One central task of a C compiler is to assign variables and temporaries to registers.
Possibly the prettiest way to solve this problem is to re-express it as a graph-coloring problem, in which every node in the graph is to be assigned a color, no two nodes connected by an edge may have the same color, and we wish to use the minimum number of colors to color the entire graph. (1).
This problem is known to be NP-Complete in general, which means that for realistic-sized problems we cannot usually expect to find the best possible solution, only a good solution.
One quite pretty way of finding a good solution is to iteratively remove all the easy-to-color parts of the graph, color any 'hard' core remaining (often there will be none) and then color the remaining parts one-by-one as we add them back. This will often color with ease graphs that at first blush look intimidatingly difficult.
One may take this heuristic as a metaphor for divide-and-conquer problem-solving in general: We are frequently faced with a problem which is too complex to solve all at once. A ubiquituous technique for such problems is to divide them into subproblems, solve the subproblems individually, and then merge the subsolutions into a solution to the entire problem. (Many, many algorithms from sorting to integer factoring may be understood as simply divide-and-conquer applied with particular ways of doing the subdivision and merging steps.)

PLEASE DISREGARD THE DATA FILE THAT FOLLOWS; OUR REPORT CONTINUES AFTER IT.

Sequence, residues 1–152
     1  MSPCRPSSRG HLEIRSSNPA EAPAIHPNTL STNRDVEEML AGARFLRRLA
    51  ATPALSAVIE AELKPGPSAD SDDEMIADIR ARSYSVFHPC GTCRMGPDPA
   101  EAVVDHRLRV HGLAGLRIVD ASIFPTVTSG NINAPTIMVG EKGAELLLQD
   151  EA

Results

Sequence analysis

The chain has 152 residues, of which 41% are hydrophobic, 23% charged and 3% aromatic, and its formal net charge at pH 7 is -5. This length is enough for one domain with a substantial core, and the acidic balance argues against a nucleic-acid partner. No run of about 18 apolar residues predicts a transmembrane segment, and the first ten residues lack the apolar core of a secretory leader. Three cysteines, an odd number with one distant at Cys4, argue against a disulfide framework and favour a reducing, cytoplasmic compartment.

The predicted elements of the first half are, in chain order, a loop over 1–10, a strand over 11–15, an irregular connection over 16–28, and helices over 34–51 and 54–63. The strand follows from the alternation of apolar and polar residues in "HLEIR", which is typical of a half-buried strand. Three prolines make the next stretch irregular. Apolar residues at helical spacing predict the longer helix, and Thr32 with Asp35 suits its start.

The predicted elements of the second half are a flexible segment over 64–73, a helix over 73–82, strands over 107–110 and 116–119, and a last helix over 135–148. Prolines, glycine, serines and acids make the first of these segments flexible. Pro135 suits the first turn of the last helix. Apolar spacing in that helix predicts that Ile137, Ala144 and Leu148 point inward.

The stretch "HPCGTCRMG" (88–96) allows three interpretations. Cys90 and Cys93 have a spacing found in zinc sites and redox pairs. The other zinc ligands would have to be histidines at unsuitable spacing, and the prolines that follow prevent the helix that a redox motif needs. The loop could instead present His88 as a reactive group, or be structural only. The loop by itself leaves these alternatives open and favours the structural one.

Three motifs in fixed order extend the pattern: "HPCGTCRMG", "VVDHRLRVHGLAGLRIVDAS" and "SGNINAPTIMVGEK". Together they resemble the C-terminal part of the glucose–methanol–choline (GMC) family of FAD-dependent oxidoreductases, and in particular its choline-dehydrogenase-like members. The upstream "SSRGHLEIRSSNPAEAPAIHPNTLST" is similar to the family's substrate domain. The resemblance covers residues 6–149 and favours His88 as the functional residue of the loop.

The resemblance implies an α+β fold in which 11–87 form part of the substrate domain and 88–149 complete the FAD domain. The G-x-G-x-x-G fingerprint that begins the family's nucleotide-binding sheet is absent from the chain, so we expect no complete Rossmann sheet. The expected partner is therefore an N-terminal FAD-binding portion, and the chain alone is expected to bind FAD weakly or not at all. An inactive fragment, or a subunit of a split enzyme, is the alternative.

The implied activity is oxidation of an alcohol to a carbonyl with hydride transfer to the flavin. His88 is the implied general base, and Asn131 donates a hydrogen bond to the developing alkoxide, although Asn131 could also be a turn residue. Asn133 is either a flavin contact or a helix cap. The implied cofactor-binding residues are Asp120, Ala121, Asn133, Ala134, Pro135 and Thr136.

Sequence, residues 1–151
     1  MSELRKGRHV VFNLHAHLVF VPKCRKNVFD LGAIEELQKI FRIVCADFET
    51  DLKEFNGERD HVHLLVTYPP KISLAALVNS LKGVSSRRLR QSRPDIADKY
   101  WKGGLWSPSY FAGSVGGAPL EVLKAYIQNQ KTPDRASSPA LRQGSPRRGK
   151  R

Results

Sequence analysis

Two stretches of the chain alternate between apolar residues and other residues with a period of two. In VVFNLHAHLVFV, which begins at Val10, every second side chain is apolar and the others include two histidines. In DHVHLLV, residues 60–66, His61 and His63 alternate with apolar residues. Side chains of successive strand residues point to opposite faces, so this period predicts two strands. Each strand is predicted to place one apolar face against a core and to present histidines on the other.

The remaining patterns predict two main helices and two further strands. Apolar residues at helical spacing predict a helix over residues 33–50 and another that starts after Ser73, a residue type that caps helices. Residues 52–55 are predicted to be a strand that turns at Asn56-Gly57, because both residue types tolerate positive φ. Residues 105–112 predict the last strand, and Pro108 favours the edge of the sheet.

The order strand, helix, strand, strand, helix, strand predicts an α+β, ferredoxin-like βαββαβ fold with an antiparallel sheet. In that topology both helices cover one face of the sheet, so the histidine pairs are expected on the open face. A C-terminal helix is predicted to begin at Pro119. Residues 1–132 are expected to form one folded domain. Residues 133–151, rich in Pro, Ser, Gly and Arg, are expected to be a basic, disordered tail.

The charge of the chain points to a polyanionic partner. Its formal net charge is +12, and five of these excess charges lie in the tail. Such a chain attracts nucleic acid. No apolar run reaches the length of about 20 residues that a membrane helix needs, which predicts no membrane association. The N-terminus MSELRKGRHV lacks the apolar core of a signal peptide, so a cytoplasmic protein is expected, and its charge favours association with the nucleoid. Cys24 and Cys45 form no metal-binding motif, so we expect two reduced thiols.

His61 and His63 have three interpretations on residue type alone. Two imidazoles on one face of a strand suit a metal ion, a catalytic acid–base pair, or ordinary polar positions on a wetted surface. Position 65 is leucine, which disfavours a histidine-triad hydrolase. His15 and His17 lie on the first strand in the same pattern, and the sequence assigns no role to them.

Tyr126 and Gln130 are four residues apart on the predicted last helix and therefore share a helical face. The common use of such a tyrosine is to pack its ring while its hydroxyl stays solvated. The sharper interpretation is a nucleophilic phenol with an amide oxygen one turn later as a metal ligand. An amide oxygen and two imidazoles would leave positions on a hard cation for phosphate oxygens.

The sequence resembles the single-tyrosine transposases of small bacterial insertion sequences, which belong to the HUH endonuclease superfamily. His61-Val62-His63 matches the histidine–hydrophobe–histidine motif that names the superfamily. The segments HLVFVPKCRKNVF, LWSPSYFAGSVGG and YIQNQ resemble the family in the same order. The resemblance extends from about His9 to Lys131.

As usual with the techniques discussed in this chapter, there is no simple recipe for dividing an arbitrary problem or merging the subsolutions: Creativity and insight are required and rewarded.
But we may draw a very general lesson from the graph-coloring heuristic:
Solve the most important subproblem first.
Depending on the particular problem, the "most important" subproblem may be the most highly constrained one, the most novel one, the most difficult one, or the one most critical to quality of the resulting solution.
In any event, each subproblem solved usually reduces the degrees of freedom left for solving the succeeding subproblems, so it pays to select the order of solution carefully, making the most of the extra degrees of freedom available in the first subproblem.
Thus, for example, if the most critical design goal in a given application is minimizing disk I/O, start by designing the data structures and algorithms involved in disk I/O, then design the other parts of the application to work well with them without degrading their performance. (Muq was designed in somewhat this fashion.)
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